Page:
Based on this data the NDS submits that:

‘While disability service providers are hiring more casual workers, the trend towards increased casual employment since 2015 appears to have stabilised.’ 201 

[214] In the September 2019 Decision we also considered the profile of employees in the social, community, home care and disability services industry, noting that it differs from the profile of employees in ‘all industries’ in 4 respects: 202

  social, community, home care and disability services industry employees are predominately female (73.9%, compared with 50.0% of all employees)

  around half (50.3%) of social, community, home care and disability services industry employees are employed on a part-time or casual basis (i.e., less than 35 hours per week), compared with 34.2% of all employees

  around half (50.7%) of social, community, home care and disability services industry employees are aged 45 years and over, compared with 36.9% of all employees, and

  fewer than two-thirds (62.8%) of social, community, home care and disability services industry employees have completed Year 12 or equivalent, compared with 68.1% of all employees.

[215] We also concluded that a proportion of employees covered by the SCHADS Award may be regarded as ‘low paid’ within the meaning of s.134(1)(a) of the Act. 203

[216] In Background Paper 1, we asked the parties (among other things) whether any of the findings made in the Tranche 1 September 2019 Decision were challenged. We received submissions from the following parties:

  NDS (7 February 2020)

  Ai Group (10 February 2020)

  ABI (10 February 2020)

  Joint Union (10 February 2020)

  AFEI (11 February 2020).

[217] Each of the parties proposed that we make some ‘general findings’. There is significant overlap in the general findings sought by the various employer parties. The findings we make below are primarily based on those proposed by ABI and NDS, taking into account the views expressed by other parties in respect of some of those proposed findings.

[218] In our view the evidence supports the following general findings:

The SCHADS Sector

1. The SCHADS Award covers employees across a range of sectors including social and community services, crisis assistance, disability services, home care and family day care. 204

2. Many service providers in the SCHADS industry are not-for-profit organisations.

3. It is common for employees to be employed by and to be performing work for more than one employer covered by the SCHADS Award. 205

4. The disability sector is characterised by a high level of part-time and casual employment. 206

5. Employees providing disability services in clients’ homes perform a range of duties including assisting clients with showering, personal hygiene, meal preparation, taking medication, cleaning, laundry, taking them to public places such as shops or a café, other community engagement activities and taking them to medical appointments, 207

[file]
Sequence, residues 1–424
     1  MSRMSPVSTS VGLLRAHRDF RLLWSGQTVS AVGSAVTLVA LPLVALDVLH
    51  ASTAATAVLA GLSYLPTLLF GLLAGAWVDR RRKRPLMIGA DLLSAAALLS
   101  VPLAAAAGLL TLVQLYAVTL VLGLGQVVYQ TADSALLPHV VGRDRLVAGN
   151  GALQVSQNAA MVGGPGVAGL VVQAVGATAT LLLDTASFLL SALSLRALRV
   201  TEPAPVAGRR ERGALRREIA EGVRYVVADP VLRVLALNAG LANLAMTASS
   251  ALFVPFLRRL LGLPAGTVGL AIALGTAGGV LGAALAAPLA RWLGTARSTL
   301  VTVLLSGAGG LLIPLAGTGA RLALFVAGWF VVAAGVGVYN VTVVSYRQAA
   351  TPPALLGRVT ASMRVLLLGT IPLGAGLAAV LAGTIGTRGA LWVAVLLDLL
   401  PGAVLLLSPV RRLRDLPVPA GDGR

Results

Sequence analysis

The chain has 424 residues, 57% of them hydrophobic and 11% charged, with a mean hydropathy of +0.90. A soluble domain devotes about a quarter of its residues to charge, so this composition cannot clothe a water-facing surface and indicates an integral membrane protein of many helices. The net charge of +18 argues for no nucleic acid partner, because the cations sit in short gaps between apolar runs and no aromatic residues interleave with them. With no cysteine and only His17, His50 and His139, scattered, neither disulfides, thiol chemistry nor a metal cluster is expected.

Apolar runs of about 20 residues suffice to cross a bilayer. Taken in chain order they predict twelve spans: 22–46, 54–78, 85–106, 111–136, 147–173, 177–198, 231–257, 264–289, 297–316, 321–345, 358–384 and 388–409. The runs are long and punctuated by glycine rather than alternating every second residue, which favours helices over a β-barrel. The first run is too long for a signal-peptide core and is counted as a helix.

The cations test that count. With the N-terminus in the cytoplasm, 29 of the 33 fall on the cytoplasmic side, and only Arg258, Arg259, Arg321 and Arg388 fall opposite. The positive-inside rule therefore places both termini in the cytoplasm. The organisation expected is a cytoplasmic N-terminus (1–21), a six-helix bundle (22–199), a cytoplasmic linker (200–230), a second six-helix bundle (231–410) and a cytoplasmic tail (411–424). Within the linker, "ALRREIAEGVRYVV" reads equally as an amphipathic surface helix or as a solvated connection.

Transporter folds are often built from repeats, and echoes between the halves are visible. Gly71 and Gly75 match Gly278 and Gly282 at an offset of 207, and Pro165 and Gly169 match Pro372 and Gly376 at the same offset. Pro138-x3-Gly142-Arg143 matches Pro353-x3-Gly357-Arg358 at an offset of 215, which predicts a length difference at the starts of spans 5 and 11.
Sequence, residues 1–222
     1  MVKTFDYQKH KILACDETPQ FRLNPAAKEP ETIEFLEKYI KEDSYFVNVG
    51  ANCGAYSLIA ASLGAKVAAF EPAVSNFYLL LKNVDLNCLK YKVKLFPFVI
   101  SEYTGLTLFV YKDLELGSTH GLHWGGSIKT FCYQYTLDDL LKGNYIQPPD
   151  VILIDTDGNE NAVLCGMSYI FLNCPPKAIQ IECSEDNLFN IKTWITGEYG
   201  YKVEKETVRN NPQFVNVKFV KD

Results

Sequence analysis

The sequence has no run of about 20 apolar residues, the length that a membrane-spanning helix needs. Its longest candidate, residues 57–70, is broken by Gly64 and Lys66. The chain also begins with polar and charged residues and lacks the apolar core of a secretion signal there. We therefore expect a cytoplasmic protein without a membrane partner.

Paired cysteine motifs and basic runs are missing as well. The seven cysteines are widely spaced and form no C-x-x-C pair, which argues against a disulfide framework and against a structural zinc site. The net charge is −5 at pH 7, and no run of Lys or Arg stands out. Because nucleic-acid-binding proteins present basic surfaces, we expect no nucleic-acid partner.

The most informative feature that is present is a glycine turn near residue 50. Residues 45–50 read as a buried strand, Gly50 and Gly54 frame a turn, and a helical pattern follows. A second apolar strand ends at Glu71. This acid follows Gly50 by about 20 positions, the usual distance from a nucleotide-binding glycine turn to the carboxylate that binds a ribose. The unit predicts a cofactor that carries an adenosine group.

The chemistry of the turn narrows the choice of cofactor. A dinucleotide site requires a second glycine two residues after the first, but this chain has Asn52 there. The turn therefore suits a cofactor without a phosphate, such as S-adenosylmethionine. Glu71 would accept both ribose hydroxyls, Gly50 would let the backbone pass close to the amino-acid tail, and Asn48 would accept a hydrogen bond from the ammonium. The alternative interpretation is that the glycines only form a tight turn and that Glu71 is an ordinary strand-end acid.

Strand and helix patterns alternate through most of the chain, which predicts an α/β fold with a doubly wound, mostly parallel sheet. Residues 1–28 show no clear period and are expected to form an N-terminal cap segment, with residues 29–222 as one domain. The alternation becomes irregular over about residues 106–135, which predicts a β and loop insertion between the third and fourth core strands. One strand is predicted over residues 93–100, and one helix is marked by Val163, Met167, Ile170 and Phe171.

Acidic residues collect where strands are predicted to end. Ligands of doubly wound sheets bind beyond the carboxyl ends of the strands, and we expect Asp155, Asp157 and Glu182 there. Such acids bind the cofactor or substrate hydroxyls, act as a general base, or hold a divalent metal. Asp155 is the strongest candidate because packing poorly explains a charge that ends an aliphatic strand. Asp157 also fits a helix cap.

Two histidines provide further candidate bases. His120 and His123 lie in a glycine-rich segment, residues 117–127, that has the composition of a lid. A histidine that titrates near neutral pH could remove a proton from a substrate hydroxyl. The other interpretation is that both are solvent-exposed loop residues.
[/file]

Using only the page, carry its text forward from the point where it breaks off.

Reform in the SCHADS Sector

6. There have been significant regulatory changes in the disability services and home care sectors over recent years. These have included:

(a) the introduction of the NDIS which has been progressively implemented throughout Australia from July 2013, 208 and

(b) the introduction of reforms in the home care sector since around 2012. 209

7. A key feature of those regulatory changes was the transition from traditional ‘block funding’ models to individualised funding arrangements underpinned by the principle of ‘consumer-directed care’. 210

8. The principle of ‘consumer-directed care’ involves providing individual consumers with choice and control over what services are provided to them, when and where those services are provided, how those services are provided, and by whom those services are provided. 211

9. Many clients have a preference for continuity of care in the sense that care is provided by the same employee or group of employees. 212

10. These reforms have fundamentally changed the operating environment in the following ways:

(a) service providers now have less certainty in relation to revenue213

(b) service providers are experiencing greater volatility in demand for services,214 as consumers have a greater ability to terminate their service arrangements215

(c) there has been an increase in the number of service providers in the market216

(d) service providers are exposed to greater competition for business217

(e) service providers have reduced levels of control in relation to the delivery of services, as individual consumers have more control over the manner in which services are provided to them

(f) there is a greater fragmentation of working patterns,218 as the employer is now less able to organise the work in a manner that is most efficient to it,219 and

(g) greater choice and control for consumers has led to greater rostering challenges by reason of:

(i) an increase in cancellations by clients; 220

(ii) an increase in requests for changes to services by consumers; 221 and